The appellant's claim that a witness must have expert qualifications to testify that an automobile was exceeding the speed limit is contradicted by rulings in Anderson v. State, 40 Ala.App. 509, 120 So. 2d 397, cert. denied, 270 Ala. 575, 120 So. 2d 414, reversed on other grounds, 366 U.S. 208, 81 S. Ct. 1050, 6 L. Ed. 2d 233 (1961); and Goodwin v. Jenkins, 282 Ala. 11, 208 So. 2d 210 (1968).

Appellant's motion to exclude the testimony of witness Fred White was due to be granted. Mr. White testified that he saw an automobile that was traveling "between 65 and 70 miles an hour" run a red light.

He could not recognize or describe the car as appellant's car, and he could not identify the driver of the speeding car as appellant. It is a fact that many cars today are operated at speeds above the legal limit. The testimony was prejudicial and should have been excluded.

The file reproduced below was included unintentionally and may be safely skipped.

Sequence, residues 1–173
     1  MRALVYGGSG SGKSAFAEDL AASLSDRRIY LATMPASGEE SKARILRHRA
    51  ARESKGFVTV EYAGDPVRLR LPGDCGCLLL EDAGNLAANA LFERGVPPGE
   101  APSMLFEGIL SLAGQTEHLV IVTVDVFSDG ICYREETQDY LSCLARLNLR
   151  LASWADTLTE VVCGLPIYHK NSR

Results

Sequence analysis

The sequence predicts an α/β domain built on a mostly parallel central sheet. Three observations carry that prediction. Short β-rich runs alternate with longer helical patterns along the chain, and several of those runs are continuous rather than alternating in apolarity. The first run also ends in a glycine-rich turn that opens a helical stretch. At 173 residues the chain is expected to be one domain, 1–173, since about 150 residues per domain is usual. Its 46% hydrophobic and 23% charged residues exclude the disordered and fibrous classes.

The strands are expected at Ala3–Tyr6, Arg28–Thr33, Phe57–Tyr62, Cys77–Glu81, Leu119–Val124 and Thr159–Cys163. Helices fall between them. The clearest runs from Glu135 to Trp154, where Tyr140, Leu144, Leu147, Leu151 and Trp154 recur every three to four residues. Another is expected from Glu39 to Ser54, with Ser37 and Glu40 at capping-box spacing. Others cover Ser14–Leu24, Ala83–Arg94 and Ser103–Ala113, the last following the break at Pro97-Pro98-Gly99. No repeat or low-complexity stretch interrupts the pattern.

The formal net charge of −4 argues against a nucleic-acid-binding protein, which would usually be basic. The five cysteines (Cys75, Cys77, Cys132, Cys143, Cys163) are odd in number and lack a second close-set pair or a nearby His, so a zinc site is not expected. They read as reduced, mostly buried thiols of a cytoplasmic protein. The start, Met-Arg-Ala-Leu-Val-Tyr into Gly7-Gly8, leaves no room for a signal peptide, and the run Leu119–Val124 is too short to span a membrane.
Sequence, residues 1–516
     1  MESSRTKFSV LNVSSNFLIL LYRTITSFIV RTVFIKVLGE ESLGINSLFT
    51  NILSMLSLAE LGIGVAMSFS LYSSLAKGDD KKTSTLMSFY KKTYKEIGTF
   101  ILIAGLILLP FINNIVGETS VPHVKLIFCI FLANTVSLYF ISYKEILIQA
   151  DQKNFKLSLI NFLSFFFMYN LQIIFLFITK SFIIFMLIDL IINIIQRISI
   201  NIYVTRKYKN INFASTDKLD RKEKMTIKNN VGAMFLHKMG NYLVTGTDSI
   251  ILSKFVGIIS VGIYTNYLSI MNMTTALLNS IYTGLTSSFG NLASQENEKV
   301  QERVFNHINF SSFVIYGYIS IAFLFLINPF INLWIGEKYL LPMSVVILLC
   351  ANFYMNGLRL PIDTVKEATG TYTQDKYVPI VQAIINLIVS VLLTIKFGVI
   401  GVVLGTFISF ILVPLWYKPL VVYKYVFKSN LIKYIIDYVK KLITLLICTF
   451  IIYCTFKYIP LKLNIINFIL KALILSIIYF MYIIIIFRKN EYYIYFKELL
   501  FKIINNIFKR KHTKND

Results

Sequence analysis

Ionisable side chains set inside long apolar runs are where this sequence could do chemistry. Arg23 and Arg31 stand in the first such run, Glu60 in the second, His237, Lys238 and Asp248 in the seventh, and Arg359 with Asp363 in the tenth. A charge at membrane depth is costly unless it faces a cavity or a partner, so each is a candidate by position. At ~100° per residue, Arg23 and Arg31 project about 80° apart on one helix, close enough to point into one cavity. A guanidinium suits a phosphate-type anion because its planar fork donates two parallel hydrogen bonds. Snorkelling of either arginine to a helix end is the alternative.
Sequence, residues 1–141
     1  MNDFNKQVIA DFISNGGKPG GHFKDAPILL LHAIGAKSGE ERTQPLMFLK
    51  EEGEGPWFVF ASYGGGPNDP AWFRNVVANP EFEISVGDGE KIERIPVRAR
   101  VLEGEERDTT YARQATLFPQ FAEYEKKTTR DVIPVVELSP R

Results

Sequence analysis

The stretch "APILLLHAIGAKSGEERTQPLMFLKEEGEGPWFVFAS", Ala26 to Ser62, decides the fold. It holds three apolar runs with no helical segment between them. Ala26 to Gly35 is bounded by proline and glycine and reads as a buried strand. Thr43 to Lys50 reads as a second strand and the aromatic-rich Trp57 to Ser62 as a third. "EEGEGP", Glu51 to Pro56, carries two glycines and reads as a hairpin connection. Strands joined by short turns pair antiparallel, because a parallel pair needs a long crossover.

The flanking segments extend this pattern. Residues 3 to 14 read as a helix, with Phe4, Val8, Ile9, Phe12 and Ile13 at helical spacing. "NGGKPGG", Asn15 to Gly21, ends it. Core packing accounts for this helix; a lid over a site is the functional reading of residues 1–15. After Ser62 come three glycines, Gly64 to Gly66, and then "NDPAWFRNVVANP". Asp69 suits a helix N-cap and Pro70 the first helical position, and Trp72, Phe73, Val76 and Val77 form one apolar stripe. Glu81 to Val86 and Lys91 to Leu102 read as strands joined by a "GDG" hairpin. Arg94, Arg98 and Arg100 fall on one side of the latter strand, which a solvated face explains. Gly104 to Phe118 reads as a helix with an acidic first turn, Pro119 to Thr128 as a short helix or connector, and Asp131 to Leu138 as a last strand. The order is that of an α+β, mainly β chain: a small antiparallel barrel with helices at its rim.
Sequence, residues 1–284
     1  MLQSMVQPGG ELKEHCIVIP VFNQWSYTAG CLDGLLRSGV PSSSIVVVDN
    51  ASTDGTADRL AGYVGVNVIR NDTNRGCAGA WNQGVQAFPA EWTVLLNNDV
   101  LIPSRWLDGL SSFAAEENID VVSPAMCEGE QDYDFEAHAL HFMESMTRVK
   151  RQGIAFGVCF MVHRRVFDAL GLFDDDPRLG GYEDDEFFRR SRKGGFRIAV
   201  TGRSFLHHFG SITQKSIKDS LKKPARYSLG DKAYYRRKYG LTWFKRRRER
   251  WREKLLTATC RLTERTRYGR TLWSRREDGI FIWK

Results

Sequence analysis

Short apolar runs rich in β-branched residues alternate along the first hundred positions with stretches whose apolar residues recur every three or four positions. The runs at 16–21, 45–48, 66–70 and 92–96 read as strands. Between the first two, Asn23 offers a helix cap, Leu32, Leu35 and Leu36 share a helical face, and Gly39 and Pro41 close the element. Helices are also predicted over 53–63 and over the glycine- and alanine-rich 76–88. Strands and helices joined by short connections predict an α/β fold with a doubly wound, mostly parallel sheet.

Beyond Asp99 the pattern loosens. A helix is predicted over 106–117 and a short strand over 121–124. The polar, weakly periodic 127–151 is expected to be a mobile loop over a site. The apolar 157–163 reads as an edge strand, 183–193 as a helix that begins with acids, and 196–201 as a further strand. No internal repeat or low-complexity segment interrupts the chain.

However, the error was harmless as evidence of the speed and recklessness of appellant's driving was presented by another witness who positively identified appellant. Thus, Mr. White's testimony was rendered "prejudicially innocuous." Estes v. State, 358 So. 2d 1050 (Ala.Cr.App., 1978), cert. denied, 358 So. 2d 1057 (Ala.1978).


Appellant argues that the court should not have sustained two objections to questions posed to witness Julius Horn on cross examination by appellant's learned counsel.

The first objection sustained was: "When did you first make your information known to the police or district attorney's office?" The objection was sustained on grounds of relevancy.